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This project started when it was recognized that there are very few notable women (or famous women or leading women) computer scientists who have Wikipedia pages. For example, a large number of women with notable awards such as ACM Fellow, IEEE Fellow, ACM Distinguished Educator, Scientist or Engineer, or other notable awards had no Wikipedia page. As a result, in April 2012, a few members on the CRA-W board got together and wrote their first Wikipedia page for a notable woman and started some new categories for women with specific awards. Later when we looked back at the page, our categories had been deleted, and the page we had written was full of error messages.
We realized we did not quite understand the process or rules for creating Wikipedia pages. Although it seems easy to edit a page, it seems difficult to get a new page created. We then spent about a year on and off trying to figure out how to write a simple wikipedia page for a biography, and running into other types of error messages such as the orphan warning shown below. To remove this error message, we wrote a page for her advisor, who was also notable, and linked the two pages together.
From that experience, which includes other warning messages we received, we have created a set of guidelines to get others started on creating simple Wikipedia pages about notable women in computing.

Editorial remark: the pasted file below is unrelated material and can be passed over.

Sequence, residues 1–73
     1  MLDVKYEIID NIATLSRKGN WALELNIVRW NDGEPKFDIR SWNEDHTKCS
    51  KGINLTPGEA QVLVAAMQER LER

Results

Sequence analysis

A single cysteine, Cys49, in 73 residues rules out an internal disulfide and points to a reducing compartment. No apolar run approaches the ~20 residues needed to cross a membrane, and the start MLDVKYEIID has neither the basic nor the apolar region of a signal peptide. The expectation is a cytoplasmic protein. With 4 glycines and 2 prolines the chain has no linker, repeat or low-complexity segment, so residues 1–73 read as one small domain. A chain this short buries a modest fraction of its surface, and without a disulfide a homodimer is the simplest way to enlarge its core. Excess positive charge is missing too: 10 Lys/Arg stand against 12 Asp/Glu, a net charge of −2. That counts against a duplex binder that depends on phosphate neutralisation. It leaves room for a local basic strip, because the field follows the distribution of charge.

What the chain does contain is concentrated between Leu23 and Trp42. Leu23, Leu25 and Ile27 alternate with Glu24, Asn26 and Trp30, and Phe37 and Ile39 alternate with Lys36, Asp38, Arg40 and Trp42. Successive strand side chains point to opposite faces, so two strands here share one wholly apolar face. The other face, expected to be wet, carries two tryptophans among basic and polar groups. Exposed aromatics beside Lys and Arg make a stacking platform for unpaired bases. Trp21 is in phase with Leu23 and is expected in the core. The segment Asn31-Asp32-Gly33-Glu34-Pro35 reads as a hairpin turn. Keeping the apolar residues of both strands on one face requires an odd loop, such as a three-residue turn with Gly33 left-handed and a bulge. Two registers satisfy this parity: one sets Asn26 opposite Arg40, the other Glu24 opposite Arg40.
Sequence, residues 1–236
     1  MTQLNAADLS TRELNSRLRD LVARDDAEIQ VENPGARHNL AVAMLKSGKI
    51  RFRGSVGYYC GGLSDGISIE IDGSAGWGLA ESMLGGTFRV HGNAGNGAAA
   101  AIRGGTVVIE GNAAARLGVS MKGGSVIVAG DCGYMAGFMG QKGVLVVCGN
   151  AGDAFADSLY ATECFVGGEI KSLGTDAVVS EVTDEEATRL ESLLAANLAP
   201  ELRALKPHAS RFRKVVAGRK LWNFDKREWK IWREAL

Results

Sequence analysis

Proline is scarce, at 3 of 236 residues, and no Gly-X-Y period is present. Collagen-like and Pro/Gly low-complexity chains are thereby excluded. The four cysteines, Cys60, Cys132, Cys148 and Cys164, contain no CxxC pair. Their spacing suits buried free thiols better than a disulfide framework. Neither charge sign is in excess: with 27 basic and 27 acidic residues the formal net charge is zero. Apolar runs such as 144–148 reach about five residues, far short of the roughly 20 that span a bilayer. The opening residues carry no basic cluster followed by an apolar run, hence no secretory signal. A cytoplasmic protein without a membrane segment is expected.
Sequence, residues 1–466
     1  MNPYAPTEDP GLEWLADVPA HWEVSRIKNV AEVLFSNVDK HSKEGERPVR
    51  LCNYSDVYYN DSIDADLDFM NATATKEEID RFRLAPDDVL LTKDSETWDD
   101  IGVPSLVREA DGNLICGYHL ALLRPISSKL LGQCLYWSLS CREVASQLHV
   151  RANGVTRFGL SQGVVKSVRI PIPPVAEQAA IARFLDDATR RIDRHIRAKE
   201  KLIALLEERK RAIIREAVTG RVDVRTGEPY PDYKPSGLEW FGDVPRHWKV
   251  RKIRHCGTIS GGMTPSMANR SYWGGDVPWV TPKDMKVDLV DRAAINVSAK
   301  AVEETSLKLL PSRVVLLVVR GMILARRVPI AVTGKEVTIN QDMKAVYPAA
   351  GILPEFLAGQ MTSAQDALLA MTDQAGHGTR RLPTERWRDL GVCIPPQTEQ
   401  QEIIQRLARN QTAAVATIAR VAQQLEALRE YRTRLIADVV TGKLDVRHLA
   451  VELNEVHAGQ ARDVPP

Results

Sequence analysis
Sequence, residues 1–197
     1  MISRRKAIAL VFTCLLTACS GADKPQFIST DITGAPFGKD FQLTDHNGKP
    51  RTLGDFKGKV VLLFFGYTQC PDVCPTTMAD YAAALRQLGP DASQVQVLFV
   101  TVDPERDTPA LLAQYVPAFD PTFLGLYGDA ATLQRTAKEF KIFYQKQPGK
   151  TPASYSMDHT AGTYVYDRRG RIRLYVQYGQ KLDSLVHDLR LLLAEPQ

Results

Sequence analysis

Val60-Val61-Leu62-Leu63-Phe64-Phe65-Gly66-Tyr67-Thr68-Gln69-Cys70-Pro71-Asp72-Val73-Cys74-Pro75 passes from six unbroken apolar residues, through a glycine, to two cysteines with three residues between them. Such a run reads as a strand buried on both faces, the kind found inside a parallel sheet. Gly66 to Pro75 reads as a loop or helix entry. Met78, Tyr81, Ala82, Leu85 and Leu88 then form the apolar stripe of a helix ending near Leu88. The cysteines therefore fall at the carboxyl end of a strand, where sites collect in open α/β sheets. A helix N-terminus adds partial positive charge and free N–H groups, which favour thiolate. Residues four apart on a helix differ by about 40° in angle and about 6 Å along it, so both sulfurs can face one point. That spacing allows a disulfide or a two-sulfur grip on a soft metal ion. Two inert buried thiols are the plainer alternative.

In March 2013 we had an experience to see how powerful it was to create a new Wikipedia page and to see that most people editing Wikipedia pages only edit them and do not create new pages. Prof. James Bonk at Duke University died who was a great Chemistry educator for 53 years. He was also an internet legend for a story about giving students a makeup exam, who had missed an exam because they had had a flat tire. He put them in separate rooms and the exam had a question that asked "which tire?". He died on March 15, 2013 and three days later we noticed he didn't have a Wikipedia page, so we wrote one for him. That same day two other people started editing his Wikipedia page and made 9 edits. Then other people started editing it and adding to it. If you can get a simple page started, others will fill it out.
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© August 11, 2013, Susan H. Rodger